Anybody familiar with Senator Norris would realise that he is not an everyday person and would be regarded by many as one in a million. It is not unusual that he has stood up, produced evidence and shared the experience of his case. He mentioned the necessity for research on prostate health. It is an area that should be considered, and men should be encouraged to check themselves on a more regular basis. Women do so regularly, but men seldom do so. It is important to change this and encourage men to be more aware of their health and the need for regular checks.
Senator Feighan mentioned that prevention is better than cure, and that is true with regard to health. Senator Kate Walsh referred to diabetes and it is important to point out that if people have the courage to go for a simple blood test it can transform their lives. People could then manage the disease reasonably well if they find they have it, and could go on to lead normal lives again. It is important to encourage this.
I appreciate the expertise of Senator Henry in this area and welcome her comments on the matter. With regard to obesity, a task force on the matter has been launched, and a number of recommendations were contained in its report. All of these do not necessarily require large amounts of money to be spent, and many relate to changing lifestyles. We have provided €3 million in the Estimates for this year which will be used to implement a number of the recommendations contained in that report. Senator Minihan discussed a research report entitled Getting Inside Men's Health. It was specifically commissioned to inform the development of men's health policy.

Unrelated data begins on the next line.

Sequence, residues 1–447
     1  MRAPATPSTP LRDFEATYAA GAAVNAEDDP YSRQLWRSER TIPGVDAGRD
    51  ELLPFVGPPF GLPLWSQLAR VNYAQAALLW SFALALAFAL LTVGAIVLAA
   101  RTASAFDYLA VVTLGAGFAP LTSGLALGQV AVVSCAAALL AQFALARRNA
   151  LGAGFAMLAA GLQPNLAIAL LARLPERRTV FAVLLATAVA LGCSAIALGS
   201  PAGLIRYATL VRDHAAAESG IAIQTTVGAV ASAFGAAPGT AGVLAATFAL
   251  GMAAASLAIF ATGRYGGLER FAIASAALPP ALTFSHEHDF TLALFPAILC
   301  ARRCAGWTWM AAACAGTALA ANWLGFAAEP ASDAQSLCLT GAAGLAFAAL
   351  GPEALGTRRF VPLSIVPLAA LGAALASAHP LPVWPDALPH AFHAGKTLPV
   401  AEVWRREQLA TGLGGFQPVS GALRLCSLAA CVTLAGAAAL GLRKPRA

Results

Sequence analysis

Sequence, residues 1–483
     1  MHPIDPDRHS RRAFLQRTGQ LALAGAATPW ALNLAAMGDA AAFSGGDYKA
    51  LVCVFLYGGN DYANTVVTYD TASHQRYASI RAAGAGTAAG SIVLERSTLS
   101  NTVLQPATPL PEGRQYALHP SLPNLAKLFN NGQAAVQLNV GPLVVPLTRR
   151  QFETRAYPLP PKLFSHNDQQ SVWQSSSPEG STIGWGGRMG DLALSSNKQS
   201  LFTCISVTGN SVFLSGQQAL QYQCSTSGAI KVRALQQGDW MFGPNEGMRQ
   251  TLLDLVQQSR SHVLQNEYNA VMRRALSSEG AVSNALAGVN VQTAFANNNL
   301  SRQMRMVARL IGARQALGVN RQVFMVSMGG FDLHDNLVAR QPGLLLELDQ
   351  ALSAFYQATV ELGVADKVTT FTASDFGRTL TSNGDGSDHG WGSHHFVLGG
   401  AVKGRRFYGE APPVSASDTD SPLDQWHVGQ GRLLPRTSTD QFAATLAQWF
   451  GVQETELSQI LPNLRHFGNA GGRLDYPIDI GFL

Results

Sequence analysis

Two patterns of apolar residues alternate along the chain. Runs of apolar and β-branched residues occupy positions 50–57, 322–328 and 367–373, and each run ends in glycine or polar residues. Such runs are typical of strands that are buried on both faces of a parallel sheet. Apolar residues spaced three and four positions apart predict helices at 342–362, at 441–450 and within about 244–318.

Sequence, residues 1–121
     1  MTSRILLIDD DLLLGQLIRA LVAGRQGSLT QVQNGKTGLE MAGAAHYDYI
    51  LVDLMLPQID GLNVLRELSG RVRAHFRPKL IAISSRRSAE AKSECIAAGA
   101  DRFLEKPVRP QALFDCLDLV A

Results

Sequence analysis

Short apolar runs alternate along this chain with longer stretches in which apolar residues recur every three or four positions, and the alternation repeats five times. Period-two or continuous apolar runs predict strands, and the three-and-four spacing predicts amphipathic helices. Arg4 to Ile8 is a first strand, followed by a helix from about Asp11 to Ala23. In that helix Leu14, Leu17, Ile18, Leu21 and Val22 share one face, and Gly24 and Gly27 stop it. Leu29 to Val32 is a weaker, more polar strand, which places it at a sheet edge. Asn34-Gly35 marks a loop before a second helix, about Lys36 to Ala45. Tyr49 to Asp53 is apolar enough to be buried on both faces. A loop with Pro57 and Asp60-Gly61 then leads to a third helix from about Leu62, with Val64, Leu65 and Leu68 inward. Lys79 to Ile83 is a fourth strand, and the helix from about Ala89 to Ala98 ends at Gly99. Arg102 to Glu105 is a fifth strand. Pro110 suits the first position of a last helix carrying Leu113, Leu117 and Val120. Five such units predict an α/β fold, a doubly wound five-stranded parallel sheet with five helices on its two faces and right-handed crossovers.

Senators Feeney and Kitt, among others, raised the issue of lifestyle. Lifestyle issues for men, particularly matters such as alcohol, drink-driving, obesity, etc., are important and will be addressed in the men's health policy. We also need to tackle the underlying causes, such as why men continually take risks with their health.
I thank the Members for their very positive and constructive contribution on the issue of men's health. It is reasonable to state that for too long this issue has been confined to the margins. As a result there is much to be done in terms of addressing the grave statistics on men's health that have been put before the House today and on the previous occasions when the issue was discussed. It is readily acknowledged that in the past men's health has not achieved the attention it should have. It is now very much on the agenda of this Government, and the publication of the men's national health policy in the summer with the men's health action plan later this year will represent significant steps in improving men's health.